Grounding: The Potent Antioxidant That Few Know About… And It’s Free

While still in the vast minority, an increasing number of people are joining the barefoot running trend, throwing their shoes to the wind and letting their feet run free, literally.

In the modern world, it might sound “extreme” to give up your shoes, particularly when engaging in an activity as hard on your feet as running, but surrounding your feet with thick cushioning and stiff supports is actually the “new” trend, evolutionarily speaking.

Humans Went Without Running Shoes for Millions of Years

Writing in the journal Nature, Harvard researchers explained:1

“Humans have engaged in endurance running for millions of years, but the modern running shoe was not invented until the 1970s. For most of human evolutionary history, runners were either barefoot or wore minimal footwear such as sandals or moccasins with smaller heels and little cushioning relative to modern running shoes.”

Let’s face it, your feet were designed to work without shoes. And while running barefoot does pose certain unique hazards, such as stepping on a sharp object or injuring your skin on abrasive pavement, there are reports that barefoot running is actually quite beneficial.

While the research is still limited and many of the reports anecdotal, running barefoot may actually decrease the likelihood of ankle sprains and chronic injuries.

Shoes Alter Your Gait, but is This Good or Bad?

Walking or running with shoes is quite a different experience than doing so without them. This is evidenced perhaps no more clearly than among children, who in the developed world are virtually the only ones who have not yet grown accustomed to wearing shoes, and as such their gait should be more or less the way nature intended.

Indeed, research published in the Journal of Foot and Ankle Research revealed:2

“Shoes affect the gait of children. With shoes, children walk faster by taking longer steps with greater ankle and knee motion and increased tibialis anterior activity. Shoes reduce foot motion and increase the support phases of the gait cycle.

During running, shoes reduce swing phase leg speed, attenuate some shock and encourage a rearfoot strike pattern. The long-term effect of these changes on growth and development are currently unknown.”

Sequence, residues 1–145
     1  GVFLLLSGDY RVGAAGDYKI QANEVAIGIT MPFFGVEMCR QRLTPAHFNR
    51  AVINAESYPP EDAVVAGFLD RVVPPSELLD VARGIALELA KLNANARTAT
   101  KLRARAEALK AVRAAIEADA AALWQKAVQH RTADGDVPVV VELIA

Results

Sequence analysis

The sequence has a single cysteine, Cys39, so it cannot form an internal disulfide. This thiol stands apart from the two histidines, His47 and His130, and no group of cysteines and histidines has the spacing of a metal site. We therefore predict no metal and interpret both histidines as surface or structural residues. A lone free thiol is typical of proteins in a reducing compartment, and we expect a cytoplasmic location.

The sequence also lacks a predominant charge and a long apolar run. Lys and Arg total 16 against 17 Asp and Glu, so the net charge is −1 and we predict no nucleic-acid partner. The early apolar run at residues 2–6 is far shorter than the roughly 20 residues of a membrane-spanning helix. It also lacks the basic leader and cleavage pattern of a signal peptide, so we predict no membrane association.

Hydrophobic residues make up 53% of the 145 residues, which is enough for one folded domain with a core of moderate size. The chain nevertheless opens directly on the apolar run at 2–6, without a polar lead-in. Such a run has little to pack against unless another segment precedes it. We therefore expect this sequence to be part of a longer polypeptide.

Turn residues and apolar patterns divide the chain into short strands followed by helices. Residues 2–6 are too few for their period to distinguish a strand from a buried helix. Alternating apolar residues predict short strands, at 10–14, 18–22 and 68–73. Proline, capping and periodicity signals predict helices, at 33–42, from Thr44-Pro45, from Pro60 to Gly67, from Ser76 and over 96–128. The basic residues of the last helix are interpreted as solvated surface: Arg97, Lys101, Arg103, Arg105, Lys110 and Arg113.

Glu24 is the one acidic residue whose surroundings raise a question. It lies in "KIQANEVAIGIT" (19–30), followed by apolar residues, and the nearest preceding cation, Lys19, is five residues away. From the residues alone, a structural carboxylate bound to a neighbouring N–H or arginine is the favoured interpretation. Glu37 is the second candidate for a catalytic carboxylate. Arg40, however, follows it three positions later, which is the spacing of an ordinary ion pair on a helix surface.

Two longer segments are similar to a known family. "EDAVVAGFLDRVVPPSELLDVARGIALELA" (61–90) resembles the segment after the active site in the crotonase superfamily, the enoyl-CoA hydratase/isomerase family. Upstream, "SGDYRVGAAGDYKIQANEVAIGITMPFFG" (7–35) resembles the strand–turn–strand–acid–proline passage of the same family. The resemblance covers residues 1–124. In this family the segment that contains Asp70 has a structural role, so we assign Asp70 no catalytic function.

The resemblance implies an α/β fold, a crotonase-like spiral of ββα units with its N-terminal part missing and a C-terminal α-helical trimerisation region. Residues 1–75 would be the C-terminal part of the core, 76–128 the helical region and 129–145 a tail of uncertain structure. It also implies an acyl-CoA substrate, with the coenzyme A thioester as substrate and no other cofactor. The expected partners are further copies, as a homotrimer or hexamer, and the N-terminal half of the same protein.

And therein lies the question: is footwear a boon or a bust to mankind? Surprising as it may sound, emerging research suggests modern running shoes, with their heavily cushioned, elevated heels, may actually encourage runners to strike the ground with their heel first,

A move that generates a greater collision force with the ground, leading to an increased potential for injury. The Harvard researchers continued in Nature:

“Here we show that habitually barefoot endurance runners often land on the fore-foot (fore-foot strike) before bringing down the heel, but they sometimes land with a flat foot (mid-foot strike) or, less often, on the heel (rear-foot strike). In contrast, habitually shod runners mostly rear-foot strike, facilitated by the elevated and cushioned heel of the modern running shoe.

Kinematic and kinetic analyses show that even on hard surfaces, barefoot runners who fore-foot strike generate smaller collision forces than shod rear-foot strikers.

This difference results primarily from a more plantarflexed foot at landing and more ankle compliance during impact, decreasing the effective mass of the body that collides with the ground. Fore-foot- and mid-foot-strike gaits were probably more common when humans ran barefoot or in minimal shoes, and may protect the feet and lower limbs from some of the impact-related injuries now experienced by a high percentage of runners.”

This may explain how marathon runners in Kenya are able to run great distances barefoot with virtually no pain or injuries. Likewise, research reviewed by Michael Warburton, a physical therapist in Australia, revealed: